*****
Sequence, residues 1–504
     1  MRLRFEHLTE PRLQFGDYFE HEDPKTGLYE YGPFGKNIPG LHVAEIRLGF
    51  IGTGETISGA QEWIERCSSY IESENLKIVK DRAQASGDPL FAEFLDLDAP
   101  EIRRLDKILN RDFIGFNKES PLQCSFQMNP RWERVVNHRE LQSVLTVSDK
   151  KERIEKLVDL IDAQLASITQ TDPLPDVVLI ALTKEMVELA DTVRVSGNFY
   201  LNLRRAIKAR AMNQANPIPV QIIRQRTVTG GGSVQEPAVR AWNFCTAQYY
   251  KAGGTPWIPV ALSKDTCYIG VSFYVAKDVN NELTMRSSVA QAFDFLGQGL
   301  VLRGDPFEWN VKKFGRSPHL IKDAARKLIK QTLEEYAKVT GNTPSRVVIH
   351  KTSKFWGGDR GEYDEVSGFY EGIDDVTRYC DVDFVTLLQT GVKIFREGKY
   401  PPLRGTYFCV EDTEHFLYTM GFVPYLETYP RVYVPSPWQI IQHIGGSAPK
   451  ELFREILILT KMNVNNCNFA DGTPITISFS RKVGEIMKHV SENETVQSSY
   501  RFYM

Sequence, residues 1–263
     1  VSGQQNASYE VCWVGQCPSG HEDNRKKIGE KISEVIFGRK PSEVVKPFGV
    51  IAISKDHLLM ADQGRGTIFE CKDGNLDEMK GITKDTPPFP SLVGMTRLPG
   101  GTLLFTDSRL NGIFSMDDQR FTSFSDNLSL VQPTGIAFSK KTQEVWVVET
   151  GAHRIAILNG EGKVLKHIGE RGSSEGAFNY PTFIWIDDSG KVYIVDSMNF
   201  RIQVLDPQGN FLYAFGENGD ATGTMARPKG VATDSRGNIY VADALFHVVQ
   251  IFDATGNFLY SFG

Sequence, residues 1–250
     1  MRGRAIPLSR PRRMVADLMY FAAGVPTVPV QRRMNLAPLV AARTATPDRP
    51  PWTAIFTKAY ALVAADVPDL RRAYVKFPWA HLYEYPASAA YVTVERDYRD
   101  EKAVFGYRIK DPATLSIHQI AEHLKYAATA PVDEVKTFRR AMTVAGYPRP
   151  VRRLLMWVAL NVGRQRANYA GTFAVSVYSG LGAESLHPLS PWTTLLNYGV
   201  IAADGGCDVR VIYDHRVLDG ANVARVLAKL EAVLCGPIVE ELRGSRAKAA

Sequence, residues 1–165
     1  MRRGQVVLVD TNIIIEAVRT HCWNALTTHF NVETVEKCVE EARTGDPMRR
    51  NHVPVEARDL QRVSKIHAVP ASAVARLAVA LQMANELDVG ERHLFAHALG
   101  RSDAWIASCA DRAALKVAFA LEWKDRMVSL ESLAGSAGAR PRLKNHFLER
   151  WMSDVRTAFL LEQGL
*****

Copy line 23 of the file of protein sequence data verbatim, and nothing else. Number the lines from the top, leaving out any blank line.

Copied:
   101  EKAVFGYRIK DPATLSIHQI AEHLKYAATA PVDEVKTFRR AMTVAGYPRP